Service labor and symbolic power: On putting Bourdieu to work

Research output: Contribution to journalArticle

21 Citations (Scopus)

Abstract

The subfield that is the sociology of service labor continues to generate vibrant internal dialogue. It was the author's original intent to push forward the frontier of theory within this field, by performing an ethnography of service work in a non-American context (that of post-apartheid South Africa). Once in the field, however, he found himself moving backward as he was forced to problematize basic assumptions concerning the very category of service. In brief, the author discovered that managers in a competitive tourism industry refused to label their employees' interactive labor as "service," whereas workers themselves actively advocated for such a designation. To document the interplay between material and symbolic politics of production, the author turned to the work of Pierre Bourdieu-especially his theory of political representation and the accompanying concept of nomination struggles.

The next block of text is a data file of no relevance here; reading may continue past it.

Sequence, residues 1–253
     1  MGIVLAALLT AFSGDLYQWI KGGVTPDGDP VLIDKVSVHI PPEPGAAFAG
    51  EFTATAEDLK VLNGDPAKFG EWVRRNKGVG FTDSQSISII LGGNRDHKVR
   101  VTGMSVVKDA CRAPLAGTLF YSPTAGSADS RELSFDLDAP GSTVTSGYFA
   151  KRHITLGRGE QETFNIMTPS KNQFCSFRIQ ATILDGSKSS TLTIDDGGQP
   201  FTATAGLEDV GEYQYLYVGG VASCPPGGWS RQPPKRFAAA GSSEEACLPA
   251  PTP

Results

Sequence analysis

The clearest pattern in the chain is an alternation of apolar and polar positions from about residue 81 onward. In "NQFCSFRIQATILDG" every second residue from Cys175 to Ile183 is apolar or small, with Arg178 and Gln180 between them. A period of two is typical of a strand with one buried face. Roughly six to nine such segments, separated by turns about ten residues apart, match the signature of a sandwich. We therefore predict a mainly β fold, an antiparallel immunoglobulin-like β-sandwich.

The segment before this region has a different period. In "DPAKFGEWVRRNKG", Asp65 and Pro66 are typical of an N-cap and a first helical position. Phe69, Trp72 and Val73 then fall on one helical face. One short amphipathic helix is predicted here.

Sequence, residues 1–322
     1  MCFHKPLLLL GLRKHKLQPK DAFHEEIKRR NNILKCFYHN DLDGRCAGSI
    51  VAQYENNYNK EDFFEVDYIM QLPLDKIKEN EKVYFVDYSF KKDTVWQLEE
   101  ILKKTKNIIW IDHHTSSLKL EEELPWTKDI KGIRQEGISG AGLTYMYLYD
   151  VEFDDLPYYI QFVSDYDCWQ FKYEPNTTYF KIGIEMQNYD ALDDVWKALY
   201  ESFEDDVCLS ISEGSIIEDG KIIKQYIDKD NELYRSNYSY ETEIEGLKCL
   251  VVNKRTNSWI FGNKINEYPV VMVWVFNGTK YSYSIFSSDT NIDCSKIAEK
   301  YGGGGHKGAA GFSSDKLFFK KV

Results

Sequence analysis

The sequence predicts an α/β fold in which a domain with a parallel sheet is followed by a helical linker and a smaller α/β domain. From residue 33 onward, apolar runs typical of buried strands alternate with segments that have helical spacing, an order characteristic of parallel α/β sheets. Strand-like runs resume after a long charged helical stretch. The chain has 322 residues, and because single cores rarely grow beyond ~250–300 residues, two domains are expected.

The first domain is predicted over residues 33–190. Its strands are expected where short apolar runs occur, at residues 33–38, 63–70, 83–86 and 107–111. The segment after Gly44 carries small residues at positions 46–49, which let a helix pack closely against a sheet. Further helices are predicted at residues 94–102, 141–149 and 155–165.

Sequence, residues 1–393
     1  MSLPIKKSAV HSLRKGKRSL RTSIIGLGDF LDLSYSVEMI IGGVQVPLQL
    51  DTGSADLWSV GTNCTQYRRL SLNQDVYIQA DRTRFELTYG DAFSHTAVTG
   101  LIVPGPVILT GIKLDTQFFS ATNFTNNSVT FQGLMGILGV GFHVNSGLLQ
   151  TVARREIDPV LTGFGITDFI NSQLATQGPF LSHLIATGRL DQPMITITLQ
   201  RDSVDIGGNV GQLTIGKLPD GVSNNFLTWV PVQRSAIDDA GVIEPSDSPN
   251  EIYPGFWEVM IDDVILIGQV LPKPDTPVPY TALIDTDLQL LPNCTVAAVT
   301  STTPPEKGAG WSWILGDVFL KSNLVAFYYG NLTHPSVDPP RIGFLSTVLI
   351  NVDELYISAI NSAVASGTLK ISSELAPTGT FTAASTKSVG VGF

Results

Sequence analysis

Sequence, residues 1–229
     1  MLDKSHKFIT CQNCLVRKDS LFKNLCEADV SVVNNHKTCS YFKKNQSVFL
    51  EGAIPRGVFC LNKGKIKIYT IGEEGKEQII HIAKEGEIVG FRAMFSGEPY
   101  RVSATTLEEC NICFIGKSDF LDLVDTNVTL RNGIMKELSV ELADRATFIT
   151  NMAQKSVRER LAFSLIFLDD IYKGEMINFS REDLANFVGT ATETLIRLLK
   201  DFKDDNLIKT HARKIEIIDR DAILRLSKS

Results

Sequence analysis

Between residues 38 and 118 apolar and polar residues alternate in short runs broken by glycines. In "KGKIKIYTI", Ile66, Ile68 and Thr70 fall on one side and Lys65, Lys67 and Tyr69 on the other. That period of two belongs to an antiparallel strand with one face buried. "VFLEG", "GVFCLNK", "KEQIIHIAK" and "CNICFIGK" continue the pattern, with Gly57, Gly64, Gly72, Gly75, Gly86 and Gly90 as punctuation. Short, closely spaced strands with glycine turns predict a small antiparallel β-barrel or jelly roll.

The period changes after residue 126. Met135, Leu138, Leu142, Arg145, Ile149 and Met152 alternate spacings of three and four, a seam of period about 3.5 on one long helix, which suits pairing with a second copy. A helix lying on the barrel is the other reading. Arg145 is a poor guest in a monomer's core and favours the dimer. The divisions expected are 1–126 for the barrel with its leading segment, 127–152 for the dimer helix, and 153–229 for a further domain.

Original languageEnglish (US)
Pages (from-to)295-319
Number of pages25
JournalWork and Occupations
Volume37
Issue number3
DOIs
StatePublished - Aug 2010

Fingerprint

labor
symbolic politics
service work
apartheid
ethnography
sociology
Tourism
dialogue
employee
manager
worker
industry
Labor
Service workers
Tourism industry
Pierre Bourdieu
Apartheid
Sociology
Employees
Service work

Keywords

  • Bourdieu
  • Labor
  • Service work
  • South Africa

ASJC Scopus subject areas

  • Organizational Behavior and Human Resource Management
  • Sociology and Political Science

Cite this

Service labor and symbolic power : On putting Bourdieu to work. / Sallaz, Jeffrey J.

In: Work and Occupations, Vol. 37, No. 3, 08.2010, p. 295-319.

Research output: Contribution to journalArticle

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